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Letter
Unlocking children’s voices during SARS-CoV-2 coronavirus (COVID-19) pandemic lockdown
  1. Andrew Rowland1,2,3,
  2. Dianne L Cook1,2,3
  1. 1 School of Health and Society, University of Salford, Salford, UK
  2. 2 Emergency Department, North Manchester General Hospital, Pennine Acute Hospitals NHS Trust, Manchester, UK
  3. 3 SicKids (a charity registered in England and Wales: 1164131), Manchester, United Kingdom
  1. Correspondence to Professor Andrew Rowland, School of Health and Society, University of Salford, Salford M5 4WT, UK; A.Rowland{at}salford.ac.uk

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Children have a right to be heard. Involving children in decision-making and development promotes their rights which can make a positive difference locally and globally on issues that matter to them.1

The United Nations Convention on the Rights of the Child (UNCRC) defines a child as anyone who has not yet reached their 18th birthday. The UNCRC includes obligations of communities and states to fulfil children’s rights2 and includes respect for the views of the child (Article 12) and freedom of expression (Article 13). While seeking children’s views in a tokenistic fashion is wrong, not seeking their input on the basis that it would be tokenistic is also wrong, but arguably not as wrong as not seeking their views at all.3

So, what about during the SARS-CoV-2 (coronavirus) pandemic? This has rapidly become a global phenomenon with hugely significant effects on family life.

Although the clinical course of COVID-19 appears to be much milder in children compared with adults, the other consequences of the pandemic are arguably equally, if not more, damaging to children. It is therefore essential the impact the coronavirus crisis is having on the lives of children and young people is understood. Family members have tragically died. Children have missed out on weeks of in-school education. Social contact between children living in different homes has been decimated. Concerns have arisen about higher levels of abuse. The Children’s Commissioner for England has investigated lockdown experiences and government priorities from young people.4

Since April 2020 members of the public have been able to submit questions to the UK government for the daily COVID-19 briefing. Astonishingly, the question submission rules specifically prohibit questions from children, blatantly ignoring their rights. An attempt by someone under the age of 18 years to submit a question results in an error message: ‘sorry you cannot submit a question. You cannot ask a question in the coronavirus (COVID-19) press conference because you’re not old enough.’ This stance completely devalues the expertise that children have to bring and silences their voices.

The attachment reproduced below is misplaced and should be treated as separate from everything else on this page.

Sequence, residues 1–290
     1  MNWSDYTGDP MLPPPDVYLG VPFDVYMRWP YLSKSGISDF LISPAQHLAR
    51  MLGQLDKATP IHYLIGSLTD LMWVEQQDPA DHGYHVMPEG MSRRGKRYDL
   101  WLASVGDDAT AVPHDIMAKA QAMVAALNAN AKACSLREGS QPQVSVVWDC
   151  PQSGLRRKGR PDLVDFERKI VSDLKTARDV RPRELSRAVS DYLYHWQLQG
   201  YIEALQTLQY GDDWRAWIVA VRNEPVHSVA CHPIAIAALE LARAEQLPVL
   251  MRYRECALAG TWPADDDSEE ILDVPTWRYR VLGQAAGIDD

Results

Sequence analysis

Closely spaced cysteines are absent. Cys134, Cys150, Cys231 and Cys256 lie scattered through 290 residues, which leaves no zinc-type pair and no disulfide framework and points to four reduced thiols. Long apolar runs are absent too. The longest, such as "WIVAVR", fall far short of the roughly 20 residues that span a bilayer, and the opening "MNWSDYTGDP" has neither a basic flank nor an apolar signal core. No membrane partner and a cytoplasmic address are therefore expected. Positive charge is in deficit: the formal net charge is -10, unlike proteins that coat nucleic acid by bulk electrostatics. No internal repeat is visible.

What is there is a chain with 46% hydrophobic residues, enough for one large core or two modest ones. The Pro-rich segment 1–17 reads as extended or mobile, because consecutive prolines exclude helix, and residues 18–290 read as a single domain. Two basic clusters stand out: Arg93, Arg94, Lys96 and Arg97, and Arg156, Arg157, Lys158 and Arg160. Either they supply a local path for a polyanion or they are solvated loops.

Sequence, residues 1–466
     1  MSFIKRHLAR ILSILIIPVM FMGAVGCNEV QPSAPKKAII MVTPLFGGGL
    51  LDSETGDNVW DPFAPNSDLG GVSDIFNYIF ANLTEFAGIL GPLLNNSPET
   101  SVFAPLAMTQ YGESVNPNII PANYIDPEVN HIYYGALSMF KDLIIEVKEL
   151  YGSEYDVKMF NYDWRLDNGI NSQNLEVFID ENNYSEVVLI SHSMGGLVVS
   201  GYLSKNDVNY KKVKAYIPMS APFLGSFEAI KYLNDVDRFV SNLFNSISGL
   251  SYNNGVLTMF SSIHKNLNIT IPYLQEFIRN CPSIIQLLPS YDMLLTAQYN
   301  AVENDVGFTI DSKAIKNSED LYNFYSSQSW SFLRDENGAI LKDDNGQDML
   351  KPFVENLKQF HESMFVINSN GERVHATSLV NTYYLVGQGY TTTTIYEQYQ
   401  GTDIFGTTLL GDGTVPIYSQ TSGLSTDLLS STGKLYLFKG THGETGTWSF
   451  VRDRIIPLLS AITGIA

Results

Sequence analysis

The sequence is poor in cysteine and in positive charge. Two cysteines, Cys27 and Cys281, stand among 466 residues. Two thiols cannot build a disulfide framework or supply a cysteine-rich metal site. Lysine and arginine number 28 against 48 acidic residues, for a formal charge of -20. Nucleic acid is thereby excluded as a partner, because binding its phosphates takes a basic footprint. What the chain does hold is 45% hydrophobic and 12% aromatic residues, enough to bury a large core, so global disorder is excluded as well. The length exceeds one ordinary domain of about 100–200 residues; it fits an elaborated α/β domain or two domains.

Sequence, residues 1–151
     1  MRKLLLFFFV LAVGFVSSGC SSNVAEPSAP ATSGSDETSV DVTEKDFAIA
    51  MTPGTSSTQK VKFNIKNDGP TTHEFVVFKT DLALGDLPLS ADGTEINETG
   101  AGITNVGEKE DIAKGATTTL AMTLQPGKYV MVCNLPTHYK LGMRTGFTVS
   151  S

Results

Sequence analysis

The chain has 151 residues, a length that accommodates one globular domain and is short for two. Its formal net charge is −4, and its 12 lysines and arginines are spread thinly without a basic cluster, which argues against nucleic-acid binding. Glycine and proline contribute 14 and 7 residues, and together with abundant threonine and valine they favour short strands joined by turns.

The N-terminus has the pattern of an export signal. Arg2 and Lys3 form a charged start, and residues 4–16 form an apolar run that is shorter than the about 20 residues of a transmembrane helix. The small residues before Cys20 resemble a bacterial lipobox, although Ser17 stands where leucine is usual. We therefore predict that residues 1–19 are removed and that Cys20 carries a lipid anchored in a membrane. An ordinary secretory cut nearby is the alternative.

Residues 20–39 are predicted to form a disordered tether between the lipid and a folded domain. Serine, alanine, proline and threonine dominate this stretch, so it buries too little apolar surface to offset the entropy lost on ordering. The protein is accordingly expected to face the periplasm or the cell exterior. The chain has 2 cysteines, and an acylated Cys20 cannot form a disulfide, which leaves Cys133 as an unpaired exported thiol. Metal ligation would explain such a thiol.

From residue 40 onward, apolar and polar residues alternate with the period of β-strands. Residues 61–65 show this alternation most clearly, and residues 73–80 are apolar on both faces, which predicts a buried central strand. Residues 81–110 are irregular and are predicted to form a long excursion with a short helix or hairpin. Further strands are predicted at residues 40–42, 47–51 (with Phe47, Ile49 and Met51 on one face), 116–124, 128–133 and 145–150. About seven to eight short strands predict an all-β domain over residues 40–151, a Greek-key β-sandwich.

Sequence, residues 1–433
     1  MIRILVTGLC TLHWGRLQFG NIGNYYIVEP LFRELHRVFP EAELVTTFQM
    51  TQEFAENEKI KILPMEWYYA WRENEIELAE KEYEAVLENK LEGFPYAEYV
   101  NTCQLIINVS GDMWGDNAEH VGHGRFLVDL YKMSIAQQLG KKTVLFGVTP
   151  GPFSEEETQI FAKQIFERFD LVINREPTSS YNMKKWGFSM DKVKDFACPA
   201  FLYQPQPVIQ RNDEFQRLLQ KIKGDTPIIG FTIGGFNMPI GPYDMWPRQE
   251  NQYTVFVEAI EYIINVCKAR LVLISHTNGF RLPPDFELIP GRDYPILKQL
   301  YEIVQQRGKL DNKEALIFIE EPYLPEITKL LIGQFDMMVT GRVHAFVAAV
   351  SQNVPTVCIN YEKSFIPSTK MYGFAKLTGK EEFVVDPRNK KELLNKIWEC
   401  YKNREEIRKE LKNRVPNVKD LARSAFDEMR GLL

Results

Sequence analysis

That any reporter or other adult may pose questions (to be answered to one degree or another) but questions from someone on the day before their 18th birthday will not even be considered, is ludicrous and indefensible.

If not because it is their right to be heard; if not because it is the right thing to do; then because the future of society depends on engaged, experienced and enthusiastic children becoming engaged, experienced and enthusiastic adults, it is time for children to have their own COVID-19 questions answered by the UK government. That requires a change in policy so that the prohibition of questions from anyone under the age of 18 years is urgently removed.

We therefore call on child health professionals to add to our demand for change to further promote children’s rights during this pandemic now the inequity of the ruling that children cannot be heard has been laid bare. Not allowing children to participate, express their opinions and be heard on matters that affect them is wrong and is a breach of their human rights.

References

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Footnotes

  • Twitter @DrAndrewRowland

  • Contributors Both authors contributed to the drafting of this letter and approved the final version before submission.

  • Funding The authors have not declared a specific grant for this research from any funding agency in the public, commercial or not-for-profit sectors.

  • Competing interests None declared.

  • Patient consent for publication Not required.

  • Provenance and peer review Not commissioned; externally peer reviewed.

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